When I was a young girl my Mother’s younger brother came to visit us on his way to his new assignment with the Marines. He had just been transferred from Japan to California where I lived. My uncle brought us a surprise, his Japanese wife, Sachiko. I thought she was the most exotic and wonderful person! I thought that I was the luckiest girl alive when, that summer, and several thereafter. I was allowed to stay a few weeks in their apartment with them.
My Aunt spoke pretty good English and she set about teaching me all about her culture and language. I can still speak a few sentences in Japanese and I love Japanese food and culture. I dream that some day I will be lucky enough to visit Japan. One thing I remember liking that she made was a condiment that she and my Uncle used on everything (or so it seemed). It was furikake, pronounced something like foo-ree-kah-kee.
Basically, furikake is seaweed and sesame seed. It is one of those simple condiments that every Japanese family uses and has their own style of making. Some people like it with a lot of salt, or dried bonito, or dried shrimp, or with wasabi or chili flakes. The seaweed used is a very thin sheet called nori. I am so excited to say that I discovered these sheets at Costco. They are their own brand and, best of all, they are already toasted.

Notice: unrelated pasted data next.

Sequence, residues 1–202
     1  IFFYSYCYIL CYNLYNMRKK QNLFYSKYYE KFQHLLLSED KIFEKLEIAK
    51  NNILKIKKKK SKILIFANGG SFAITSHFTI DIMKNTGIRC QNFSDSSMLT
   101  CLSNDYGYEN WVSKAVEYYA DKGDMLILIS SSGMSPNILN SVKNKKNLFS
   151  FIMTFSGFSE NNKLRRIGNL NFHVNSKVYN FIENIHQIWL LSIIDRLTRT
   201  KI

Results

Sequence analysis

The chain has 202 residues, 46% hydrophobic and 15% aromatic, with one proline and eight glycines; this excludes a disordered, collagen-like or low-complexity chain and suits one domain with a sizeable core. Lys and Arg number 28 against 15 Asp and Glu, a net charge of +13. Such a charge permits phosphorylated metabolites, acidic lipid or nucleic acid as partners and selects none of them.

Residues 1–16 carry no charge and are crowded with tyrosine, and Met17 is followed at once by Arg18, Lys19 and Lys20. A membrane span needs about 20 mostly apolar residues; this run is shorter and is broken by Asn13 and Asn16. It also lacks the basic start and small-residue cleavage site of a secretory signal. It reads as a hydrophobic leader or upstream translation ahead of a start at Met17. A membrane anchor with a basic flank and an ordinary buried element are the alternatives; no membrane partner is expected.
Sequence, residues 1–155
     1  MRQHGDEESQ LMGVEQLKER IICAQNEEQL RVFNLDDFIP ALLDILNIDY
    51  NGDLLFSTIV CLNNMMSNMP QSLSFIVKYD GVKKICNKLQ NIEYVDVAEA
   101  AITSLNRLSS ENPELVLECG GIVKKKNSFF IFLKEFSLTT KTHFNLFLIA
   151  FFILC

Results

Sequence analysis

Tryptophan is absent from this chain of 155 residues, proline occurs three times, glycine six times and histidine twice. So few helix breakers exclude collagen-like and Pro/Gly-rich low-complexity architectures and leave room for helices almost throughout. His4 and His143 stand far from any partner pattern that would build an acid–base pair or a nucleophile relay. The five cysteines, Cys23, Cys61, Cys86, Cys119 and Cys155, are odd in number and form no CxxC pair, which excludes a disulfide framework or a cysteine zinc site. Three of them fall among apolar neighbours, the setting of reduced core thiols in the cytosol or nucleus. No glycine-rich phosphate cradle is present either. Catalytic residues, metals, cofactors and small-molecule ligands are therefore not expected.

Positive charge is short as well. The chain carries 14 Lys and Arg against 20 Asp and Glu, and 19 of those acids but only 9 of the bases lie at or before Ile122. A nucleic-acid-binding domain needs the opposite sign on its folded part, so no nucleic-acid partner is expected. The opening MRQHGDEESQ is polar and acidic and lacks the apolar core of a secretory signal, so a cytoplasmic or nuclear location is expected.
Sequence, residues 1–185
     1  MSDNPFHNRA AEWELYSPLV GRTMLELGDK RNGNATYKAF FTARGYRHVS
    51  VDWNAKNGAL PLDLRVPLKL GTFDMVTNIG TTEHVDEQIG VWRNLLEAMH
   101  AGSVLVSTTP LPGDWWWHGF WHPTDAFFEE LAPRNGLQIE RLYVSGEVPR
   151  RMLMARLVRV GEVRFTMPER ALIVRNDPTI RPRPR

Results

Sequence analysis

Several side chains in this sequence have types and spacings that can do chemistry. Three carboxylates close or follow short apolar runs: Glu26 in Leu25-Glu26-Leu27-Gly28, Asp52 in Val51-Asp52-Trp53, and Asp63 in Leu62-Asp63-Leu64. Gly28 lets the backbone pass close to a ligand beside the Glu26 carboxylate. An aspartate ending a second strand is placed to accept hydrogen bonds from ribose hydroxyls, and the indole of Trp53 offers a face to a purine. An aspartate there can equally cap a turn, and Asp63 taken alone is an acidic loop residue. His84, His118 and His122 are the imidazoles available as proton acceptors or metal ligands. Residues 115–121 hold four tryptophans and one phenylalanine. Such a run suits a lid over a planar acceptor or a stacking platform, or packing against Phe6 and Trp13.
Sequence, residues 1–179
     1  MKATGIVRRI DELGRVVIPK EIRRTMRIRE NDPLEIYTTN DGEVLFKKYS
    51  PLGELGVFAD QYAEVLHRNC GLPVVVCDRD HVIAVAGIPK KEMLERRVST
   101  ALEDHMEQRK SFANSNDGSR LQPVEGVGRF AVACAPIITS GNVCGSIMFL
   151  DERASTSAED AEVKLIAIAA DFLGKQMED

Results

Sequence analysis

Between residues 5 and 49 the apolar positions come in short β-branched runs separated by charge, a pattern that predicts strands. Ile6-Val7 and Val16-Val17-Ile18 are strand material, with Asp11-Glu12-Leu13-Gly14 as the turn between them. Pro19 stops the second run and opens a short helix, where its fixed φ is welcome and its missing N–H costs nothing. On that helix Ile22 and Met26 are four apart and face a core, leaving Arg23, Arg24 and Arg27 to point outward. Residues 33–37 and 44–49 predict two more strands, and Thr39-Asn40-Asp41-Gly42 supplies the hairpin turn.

Today I was so excited that I found this, I made my own furikake. All I wanted was a simple style to put on my rice, I just toasted some white sesame seed and tossed them with some of the nori that I had cut up with my kitchen shears. YUM! Lots of people add sugar, salt or some from of dried fish. I just wanted a simple condiment to put over my rice for lunch. Ha! Actually.I will be like my Aunt and Uncle were, putting it on my eggs, rice, noodles, grilled fish and meat, or just about anything that can use a little umamai and taste of the sea!
An internet search will come up with dozens of furikake recipes. Most of the include salt, sugar, as well as the nori and sesame seed. I just put some sesame seeds in a dry skillet and toasted them. I cut the sheets of nori into small strips and put them into my largest bowl. While the sesame seed was hot, I poured them over the nori and tossed them together. Done! No sugar or salt because I thought them unnecessary. It is delicious and I want to eat it right out of the jar!
I encourage you to make your own furikake and eat it!
Tomorrow I am going to post about what else I did with this delicious seaweed!